I have made a last minute decision to write about someone who had an influence in shaping me. This man was our next-door neighbour when I was young. He had polio as a child and as a result he was disabled. It had a huge impact on his life. He could not do manual work and in those days no employer would hire someone with a disability. He didn’t bemoan his unfortunate circumstances. When his father remarried he moved in with his unmarried aunt who lived next door to my family. This happened long before I was born. To us children he was someone who was always there. My siblings and I loved to visit him whenever we felt like it. There were no restrictions on when we could call in. He became a friend. We never questioned why an adult was one of our friends.
He had a very limited formal education but this didn’t deter him from advancing his learning. He transformed the sitting room of his aunt’s house into a library. The walls were lined with shelves of books. I was allowed to borrow books. He would discuss classic books and their authors with me even though I had no great interest in them. What he taught me was to love and value books. One year when I was twelve, he gave me my very first proper book for Christmas. Its title was “Knocknagow, or the Homes of Tipperary” by Charles Kickham. I loved that book. I loaned it to a friend. She never gave it back. I’m not sure if she even read it. I learned an important lesson. Be careful to whom you loan books.
I got pneumonia when I was seventeen and while I was recovering he kept me supplied with books. He introduced me to P.G. Wodehouse stories about “Jeeves” but they were not my taste. When I hear the name Wodehouse or Jeeves I always think of Jim.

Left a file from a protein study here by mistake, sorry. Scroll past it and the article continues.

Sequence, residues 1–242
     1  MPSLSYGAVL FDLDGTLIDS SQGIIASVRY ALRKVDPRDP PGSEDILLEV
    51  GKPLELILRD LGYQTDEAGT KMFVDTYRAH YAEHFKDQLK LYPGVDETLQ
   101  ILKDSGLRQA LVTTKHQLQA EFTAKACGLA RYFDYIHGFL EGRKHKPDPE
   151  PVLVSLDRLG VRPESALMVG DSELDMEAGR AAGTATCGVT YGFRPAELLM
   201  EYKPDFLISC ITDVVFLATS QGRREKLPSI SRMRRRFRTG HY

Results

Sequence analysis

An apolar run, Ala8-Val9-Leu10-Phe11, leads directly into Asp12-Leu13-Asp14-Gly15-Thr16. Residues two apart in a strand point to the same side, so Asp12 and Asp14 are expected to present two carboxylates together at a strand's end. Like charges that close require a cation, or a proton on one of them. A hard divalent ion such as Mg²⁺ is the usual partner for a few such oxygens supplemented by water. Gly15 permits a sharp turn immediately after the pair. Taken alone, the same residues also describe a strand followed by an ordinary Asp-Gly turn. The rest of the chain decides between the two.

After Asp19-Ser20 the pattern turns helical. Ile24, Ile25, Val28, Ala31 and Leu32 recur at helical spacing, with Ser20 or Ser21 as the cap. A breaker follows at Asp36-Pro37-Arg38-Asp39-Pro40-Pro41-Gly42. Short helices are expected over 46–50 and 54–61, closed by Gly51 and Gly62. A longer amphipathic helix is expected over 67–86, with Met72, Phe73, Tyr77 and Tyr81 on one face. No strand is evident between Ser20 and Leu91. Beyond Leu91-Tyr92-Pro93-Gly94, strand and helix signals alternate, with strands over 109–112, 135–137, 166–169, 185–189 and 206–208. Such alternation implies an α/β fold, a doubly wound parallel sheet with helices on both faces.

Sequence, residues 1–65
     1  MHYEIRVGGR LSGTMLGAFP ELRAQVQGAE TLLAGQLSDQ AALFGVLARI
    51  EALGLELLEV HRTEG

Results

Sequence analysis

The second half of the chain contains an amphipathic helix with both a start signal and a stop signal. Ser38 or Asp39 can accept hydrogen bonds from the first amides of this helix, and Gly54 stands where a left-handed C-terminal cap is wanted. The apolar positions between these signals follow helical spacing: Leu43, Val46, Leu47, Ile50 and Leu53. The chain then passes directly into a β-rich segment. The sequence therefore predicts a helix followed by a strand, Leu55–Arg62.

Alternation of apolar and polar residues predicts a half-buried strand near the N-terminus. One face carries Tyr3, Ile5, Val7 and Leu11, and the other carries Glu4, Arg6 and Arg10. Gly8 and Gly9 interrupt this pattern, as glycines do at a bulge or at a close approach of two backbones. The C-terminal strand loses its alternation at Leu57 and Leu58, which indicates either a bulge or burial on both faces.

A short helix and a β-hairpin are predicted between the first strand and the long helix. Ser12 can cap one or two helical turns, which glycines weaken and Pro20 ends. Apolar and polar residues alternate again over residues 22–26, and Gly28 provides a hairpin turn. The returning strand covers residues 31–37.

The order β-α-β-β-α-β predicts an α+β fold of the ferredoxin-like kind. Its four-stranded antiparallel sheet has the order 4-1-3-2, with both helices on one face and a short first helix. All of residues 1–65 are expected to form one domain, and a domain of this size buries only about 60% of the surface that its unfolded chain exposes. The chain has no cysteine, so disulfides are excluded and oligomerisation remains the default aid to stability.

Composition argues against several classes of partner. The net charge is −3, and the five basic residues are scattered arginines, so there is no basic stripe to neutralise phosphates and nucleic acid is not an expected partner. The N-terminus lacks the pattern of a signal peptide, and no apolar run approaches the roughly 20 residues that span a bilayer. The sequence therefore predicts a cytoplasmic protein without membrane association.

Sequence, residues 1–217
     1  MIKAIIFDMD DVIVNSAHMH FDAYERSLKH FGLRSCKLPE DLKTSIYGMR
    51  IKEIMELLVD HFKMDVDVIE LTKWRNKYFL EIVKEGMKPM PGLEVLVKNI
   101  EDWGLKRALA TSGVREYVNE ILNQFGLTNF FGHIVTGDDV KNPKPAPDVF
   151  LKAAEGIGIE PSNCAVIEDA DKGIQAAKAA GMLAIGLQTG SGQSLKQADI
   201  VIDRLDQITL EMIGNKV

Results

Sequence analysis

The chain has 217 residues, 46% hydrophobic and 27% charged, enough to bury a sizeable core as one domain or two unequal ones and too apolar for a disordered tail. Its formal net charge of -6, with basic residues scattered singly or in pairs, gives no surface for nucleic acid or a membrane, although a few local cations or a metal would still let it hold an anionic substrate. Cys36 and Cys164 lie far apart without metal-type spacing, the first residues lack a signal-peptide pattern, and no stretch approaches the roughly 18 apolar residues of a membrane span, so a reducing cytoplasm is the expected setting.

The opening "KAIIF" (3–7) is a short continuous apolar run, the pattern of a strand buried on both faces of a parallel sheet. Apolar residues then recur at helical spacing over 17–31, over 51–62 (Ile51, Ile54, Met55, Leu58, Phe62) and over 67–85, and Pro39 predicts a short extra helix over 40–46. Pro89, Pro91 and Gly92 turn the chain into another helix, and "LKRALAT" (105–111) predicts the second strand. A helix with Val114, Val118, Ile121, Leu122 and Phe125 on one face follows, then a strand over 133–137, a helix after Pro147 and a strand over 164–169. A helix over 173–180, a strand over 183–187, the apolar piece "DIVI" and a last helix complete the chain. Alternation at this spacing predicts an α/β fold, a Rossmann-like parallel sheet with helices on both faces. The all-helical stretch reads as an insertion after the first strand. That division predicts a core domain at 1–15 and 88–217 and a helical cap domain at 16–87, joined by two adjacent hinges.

Books were not his only interest. He taught himself to draw and paint. He played the piano accordion and other musical instruments. His best friend had a dance band and the instruments were kept at our neighbour’s home. Of course my sister and I had full access to them. He taught us how to play the drums. He had no success in teaching us to play the accordion but we can never complain of not having an opportunity to learn.
He was also a playwright. His play “Red Wine of Youth” had its inaugural performance in our local town. It was successful and was staged across the country.
Without realising it, I learned so much from this incredible man. His ability to overcome his physical and financial obstacles and become a respected member of our community taught me that anything is possible. It is just a matter of commitment and dedication.
When I went back to Ireland, I visited his grave. I was surprised to see noted on his headstone that he was a Poet Laureate. A photo of his headstone is attached.
A life well lived.